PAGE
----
• I dunno Phil, I checked for the April 1 backdate to this article but it appears that there is no correlation, so I will just put the whole thing down to satire. We are small, they are big, live with it... a bit like Poland might have felt in the late 1930's... a crass correlation perhaps, but if the principle fits...
  • They can charge what they want for versions with AU localisation (ha!) and AU in-business-hours support; what I object to is being prevented from buying the US version from their US branch, paying my GST if it's above $1000, and getting on with using it. Adobe's support has been spectacularly useless the few times I've needed it so I don't want it anyway, and Microsoft charges you for support as an extra on top.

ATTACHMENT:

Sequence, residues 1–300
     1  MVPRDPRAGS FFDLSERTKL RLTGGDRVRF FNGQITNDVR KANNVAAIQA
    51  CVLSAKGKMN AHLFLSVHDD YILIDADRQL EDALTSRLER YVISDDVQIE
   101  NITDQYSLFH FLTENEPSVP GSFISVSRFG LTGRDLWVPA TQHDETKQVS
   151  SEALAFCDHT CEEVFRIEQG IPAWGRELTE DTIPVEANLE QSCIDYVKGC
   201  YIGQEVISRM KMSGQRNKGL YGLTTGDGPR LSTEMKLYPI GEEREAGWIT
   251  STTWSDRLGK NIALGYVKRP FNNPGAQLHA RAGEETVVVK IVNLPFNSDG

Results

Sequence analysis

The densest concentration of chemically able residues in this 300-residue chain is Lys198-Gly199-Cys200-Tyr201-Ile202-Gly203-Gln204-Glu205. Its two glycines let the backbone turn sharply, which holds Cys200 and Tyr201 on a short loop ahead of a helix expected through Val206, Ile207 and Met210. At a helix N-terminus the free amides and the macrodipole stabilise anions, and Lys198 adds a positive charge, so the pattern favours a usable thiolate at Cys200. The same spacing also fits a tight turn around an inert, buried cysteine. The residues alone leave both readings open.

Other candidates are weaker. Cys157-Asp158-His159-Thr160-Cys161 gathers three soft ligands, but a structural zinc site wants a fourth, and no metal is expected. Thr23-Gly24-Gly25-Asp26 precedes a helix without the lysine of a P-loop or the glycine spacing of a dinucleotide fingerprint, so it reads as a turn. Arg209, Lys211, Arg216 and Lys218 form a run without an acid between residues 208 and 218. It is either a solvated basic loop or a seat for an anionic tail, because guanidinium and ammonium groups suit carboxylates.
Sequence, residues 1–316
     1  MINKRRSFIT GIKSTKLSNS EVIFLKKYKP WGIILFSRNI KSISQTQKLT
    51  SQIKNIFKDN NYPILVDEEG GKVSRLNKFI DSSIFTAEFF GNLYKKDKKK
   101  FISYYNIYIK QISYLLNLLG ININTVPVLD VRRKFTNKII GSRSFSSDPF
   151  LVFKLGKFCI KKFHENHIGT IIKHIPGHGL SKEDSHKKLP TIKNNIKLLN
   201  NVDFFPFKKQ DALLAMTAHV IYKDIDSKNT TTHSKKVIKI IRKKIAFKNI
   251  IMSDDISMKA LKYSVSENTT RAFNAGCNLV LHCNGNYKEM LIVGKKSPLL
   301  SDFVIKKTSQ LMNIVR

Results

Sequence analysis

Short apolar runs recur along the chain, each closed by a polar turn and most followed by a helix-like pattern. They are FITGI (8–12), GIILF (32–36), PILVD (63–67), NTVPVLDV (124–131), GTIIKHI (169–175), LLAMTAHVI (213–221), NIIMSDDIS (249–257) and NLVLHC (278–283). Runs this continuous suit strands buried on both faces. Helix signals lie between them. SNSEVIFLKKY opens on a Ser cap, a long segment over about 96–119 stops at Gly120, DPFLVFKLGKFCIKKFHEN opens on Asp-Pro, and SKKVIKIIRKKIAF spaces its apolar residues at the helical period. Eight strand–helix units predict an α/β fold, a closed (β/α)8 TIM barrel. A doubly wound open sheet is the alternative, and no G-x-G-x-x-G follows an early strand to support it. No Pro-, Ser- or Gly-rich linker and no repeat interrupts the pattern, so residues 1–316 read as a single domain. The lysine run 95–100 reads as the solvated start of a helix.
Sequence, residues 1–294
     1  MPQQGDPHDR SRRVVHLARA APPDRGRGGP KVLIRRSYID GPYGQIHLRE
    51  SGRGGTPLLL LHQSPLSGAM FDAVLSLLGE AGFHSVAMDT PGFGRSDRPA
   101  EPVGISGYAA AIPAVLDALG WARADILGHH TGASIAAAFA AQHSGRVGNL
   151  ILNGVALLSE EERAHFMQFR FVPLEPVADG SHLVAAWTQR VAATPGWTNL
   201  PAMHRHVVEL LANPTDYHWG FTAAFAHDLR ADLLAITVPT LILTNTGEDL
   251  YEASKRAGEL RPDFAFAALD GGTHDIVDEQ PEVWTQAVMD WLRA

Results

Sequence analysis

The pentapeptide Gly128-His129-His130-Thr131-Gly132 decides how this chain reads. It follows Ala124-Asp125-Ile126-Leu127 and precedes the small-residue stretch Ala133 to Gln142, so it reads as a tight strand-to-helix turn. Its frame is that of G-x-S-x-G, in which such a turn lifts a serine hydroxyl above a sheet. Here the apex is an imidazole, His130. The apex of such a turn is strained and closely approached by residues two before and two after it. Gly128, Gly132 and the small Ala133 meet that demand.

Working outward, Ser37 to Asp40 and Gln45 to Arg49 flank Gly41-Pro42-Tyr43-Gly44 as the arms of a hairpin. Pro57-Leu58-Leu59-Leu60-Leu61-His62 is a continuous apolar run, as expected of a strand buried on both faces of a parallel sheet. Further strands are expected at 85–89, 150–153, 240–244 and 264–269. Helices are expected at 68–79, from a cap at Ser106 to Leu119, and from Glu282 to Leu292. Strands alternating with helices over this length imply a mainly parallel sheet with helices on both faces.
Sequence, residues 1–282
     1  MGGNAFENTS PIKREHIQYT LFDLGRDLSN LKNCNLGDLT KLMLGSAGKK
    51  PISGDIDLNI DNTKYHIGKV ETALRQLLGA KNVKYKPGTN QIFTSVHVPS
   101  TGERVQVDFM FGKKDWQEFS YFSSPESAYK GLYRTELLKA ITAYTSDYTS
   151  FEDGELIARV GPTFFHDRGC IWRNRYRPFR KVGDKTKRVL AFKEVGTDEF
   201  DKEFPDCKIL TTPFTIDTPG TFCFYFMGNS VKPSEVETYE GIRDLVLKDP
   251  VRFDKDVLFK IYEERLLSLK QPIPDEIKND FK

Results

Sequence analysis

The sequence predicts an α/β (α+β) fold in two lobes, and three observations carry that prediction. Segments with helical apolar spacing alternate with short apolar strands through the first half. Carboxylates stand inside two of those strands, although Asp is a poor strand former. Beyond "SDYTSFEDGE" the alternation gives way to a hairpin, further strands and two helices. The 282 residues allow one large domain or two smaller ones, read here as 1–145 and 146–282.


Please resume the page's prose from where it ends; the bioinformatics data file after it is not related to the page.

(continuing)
At least Germany gets localised versions, though I doubt they get the choice of saying "stuff it, I don't care and just want to be able to buy the US version". Localisation for Australia is somewhere between hilariously easy and not worth bothering about, so I don't buy that as a justification for costs here. Sure, for an accounting package or something with complex local rules & laws I'd buy it, but an office suite?

    I recently went to buy an X-Rite i1Pro spectrophotometer (the "i1Basic" variant). This cost over twice the US price for the same hardware, and a credit card and shipping address restriction prevented me from buying the US one directly. The local exclusive dealer argued that they must charge a premium because of the service and support they offer - then admitted that (a) phone support is done by X-Rite call centers; (b) servicing is done by shipping the unit to X-Rite in the US with a minimum 4-week turnaround, and (c) they don't offer loan units, on-site service and diagnostics, or anything much else. As far as I can tell they charge a premium because X-Rite thinks dealing with the big scary Rest Of The World That Isn't The USA is too hard, so they sign up exclusive dealers to do that icky hard stuff.